Create an emotional connection with your audience
The Journal of Consumer Research has found that more than 50% of an experience is based on emotion because emotions shape the attitudes that drive decisions. This is similar to the findings of a Google-backed study.
Customers become fully connected with a brand (like Apple products) because they remember how they feel when they use a product or service.
According to the Harvard Business Review study titled “The New Science of Customer Emotions,” emotionally engaged customers are:
- At least three times more likely to recommend your product or service
- Three times more likely to re-purchase
- Less likely to shop around
- Less price sensitive
An example of this is Microsoft’s mini-documentary on virtual care rooms.
In Sweden, Microsoft created a mini-documentary about Anna Lisa Lirell, a diabetic lady who was visiting the first virtual care room in a small Swedish village called Slussfors. The mini-documentary centers around the story of Anna Lisa and her experience of a revolutionary approach to healthcare, and it definitely shows you why you should care.
The video received more than 34,000 views on YouTube, and Microsoft has since been asked to present on digital transformation at several Swedish Country Councils and is being viewed as an option to provide rural healthcare in Africa.
How to guard against disruptions in industries
You can’t really guard against disruption. It is going to happen because of what’s happening with technology. This along with new ways of working and new ways of doing things are changing customer expectations. It’s really about keeping abreast of those disruptions and then trying to understand how you’re going to respond to them.
So, it is more about understanding disruption rather than guarding against it. Then asking – How are we going to respond to it by taking the market view and a customer view.
This could mean reevaluating who your true customers or ideal customers are and deciding whether to pursue them or not. You may still want to pursue them—perhaps there is an opportunity to provide them new products and services, or maybe they’re a channel. If so, the manner in which you deliver to them might change. Steps to take would be:
- Identify the disruption that’s occurring.
- Then identify the impact that the disruption has on your brand in terms of customer market opportunity and customer market needs.
Research your competitors
Analyzing market trends can be very useful in helping to identify new opportunities in terms of new offerings and/or new customers to be served. Analyzing your competition as defined by your buyers (the alternatives they consider to meet their priorities, challenges, and objectives–these could be either direct or indirect competitors) can also be useful.
Once you have identified areas where improvements must be made, you can have your research about the competition inform how you develop strategic goals and objectives and how you implement a successful CX (customer experience) strategy. This, in turn, can tell you what needs to be done first.
Continuing on from the research phase, the more information you can acquire the more you can help specific customers, add value and differentiate your brand from the competition. Asking questions is, therefore, an important part of your B2B sales approach, because it minimizes the dangers of making assumptions.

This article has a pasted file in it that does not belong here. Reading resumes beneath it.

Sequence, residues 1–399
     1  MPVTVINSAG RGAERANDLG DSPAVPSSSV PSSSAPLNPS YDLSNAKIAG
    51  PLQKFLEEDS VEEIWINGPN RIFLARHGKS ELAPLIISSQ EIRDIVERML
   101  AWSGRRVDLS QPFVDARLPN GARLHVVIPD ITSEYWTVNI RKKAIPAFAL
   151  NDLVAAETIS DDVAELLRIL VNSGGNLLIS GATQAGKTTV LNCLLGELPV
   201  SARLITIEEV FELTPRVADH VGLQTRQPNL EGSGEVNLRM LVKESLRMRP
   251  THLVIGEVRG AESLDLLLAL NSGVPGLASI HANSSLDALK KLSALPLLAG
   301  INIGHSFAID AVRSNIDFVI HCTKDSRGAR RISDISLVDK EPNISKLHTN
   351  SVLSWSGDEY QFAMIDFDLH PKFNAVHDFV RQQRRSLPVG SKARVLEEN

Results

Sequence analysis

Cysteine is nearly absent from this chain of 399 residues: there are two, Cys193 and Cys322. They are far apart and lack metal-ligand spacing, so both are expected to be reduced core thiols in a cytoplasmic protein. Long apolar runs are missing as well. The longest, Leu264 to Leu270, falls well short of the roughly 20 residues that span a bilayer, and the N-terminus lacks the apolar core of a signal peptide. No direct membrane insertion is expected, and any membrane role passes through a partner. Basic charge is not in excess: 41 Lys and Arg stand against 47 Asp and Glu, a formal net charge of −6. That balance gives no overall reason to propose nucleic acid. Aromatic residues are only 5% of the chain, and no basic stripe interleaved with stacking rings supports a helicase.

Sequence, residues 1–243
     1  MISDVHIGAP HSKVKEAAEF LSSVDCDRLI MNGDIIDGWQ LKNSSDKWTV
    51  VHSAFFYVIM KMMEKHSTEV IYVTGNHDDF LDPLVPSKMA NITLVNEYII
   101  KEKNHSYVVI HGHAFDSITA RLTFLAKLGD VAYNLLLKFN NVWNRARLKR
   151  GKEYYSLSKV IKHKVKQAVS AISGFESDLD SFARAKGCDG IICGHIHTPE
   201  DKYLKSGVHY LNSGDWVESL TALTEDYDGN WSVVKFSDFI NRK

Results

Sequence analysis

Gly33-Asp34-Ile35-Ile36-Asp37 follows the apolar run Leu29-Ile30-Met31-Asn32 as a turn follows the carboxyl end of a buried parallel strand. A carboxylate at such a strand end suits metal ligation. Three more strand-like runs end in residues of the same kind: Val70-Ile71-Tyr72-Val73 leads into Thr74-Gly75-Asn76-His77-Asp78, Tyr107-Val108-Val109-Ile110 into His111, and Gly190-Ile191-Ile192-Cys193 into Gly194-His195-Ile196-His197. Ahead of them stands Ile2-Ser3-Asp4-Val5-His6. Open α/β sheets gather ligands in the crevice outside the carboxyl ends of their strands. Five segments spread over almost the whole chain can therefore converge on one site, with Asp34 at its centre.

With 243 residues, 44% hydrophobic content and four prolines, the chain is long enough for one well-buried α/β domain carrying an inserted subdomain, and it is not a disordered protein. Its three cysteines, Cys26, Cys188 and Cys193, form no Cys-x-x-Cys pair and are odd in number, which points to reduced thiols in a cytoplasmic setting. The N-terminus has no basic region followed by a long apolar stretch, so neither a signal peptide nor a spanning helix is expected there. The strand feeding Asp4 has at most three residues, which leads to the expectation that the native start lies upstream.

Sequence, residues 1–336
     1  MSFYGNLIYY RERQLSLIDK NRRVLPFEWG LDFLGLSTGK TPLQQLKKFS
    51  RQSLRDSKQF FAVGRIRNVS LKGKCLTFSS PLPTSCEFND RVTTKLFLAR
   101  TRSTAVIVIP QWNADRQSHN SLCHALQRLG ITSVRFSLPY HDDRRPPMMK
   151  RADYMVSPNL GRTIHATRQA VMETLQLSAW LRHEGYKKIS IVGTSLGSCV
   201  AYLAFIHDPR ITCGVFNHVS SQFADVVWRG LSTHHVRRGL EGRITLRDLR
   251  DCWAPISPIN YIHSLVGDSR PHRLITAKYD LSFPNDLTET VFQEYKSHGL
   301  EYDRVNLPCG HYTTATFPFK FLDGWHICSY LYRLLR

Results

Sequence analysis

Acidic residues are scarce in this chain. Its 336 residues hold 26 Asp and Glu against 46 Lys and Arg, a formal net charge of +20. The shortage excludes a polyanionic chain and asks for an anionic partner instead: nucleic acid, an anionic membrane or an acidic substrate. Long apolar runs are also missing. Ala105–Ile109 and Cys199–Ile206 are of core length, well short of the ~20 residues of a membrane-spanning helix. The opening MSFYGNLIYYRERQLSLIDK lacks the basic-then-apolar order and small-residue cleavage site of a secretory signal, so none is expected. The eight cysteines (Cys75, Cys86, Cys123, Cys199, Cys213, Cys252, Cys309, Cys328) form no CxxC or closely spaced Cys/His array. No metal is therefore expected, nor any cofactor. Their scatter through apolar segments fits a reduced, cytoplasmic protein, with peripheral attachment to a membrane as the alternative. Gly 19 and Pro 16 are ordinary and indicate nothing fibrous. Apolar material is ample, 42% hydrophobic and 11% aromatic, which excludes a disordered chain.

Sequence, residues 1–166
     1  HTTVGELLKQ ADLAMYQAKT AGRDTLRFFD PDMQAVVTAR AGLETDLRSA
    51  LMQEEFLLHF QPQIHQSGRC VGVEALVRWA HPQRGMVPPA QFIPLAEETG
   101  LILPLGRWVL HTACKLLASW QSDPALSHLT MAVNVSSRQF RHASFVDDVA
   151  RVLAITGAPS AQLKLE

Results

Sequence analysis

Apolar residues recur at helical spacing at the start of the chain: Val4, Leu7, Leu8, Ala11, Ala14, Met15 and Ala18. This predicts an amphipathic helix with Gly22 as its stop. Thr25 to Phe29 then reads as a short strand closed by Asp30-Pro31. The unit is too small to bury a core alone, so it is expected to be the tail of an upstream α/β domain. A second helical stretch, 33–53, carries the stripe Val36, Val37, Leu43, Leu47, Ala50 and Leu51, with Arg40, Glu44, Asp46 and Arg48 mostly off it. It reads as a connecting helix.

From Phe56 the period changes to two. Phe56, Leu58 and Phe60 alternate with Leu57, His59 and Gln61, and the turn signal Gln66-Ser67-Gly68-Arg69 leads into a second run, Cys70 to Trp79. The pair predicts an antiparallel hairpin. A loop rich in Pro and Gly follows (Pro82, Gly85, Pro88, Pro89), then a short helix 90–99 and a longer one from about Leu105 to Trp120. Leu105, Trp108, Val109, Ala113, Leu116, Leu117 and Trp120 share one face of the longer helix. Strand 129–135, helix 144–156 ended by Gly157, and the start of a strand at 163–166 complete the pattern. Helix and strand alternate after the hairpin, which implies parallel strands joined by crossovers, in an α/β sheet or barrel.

Here are a few ways to ensure your “ask” phase strengthens your B2B sales approach and strategy.
How to use customer journey maps to provide the inputs you need
Your sales approach in B2B needs to be buyer-driven. In other words, based on how buyers buy.
Who is involved, what information they use, people they talk to, activities they undertake as part of the buying decision process will determine the kinds of marketing/sales approach taken.
The B2B sales approach is about building trust, delivering value through information, insights, tools, and advice that will both:
- Help buyers with their priorities and challenges
- Assist them in the buying process
A study showed that 79% of B2B buyers expect them to be trusted advisors. Customer journey maps can be to understand how customers interact with you. That’s going to be one input to help you to identify areas for innovation. But it will also come as part of your listening to a customer.
Understanding your buyers means being motivated to understand what’s going on in the market and the industry that you’re serving as well. So, customer journey maps will be one component of understanding your customers. They will not be sufficient by themselves for you to remain competitive, but they are definitely very useful and can provide great input into your sales approach.
Capture customer feedback in real-time
How do you know if your customer experience strategy is working and if customers are connecting with your product or service?
Capture their feedback in as close to real-time as possible. Capturing customer feedback is important. This approach is user-oriented and the feedback will be useful for improving the user experience. Having said that, users are often influencers to buying decision-making process
How do you do this? Here are a few ways:
- Use live chat tools.
- Send every customer a post-interaction survey by email or text message.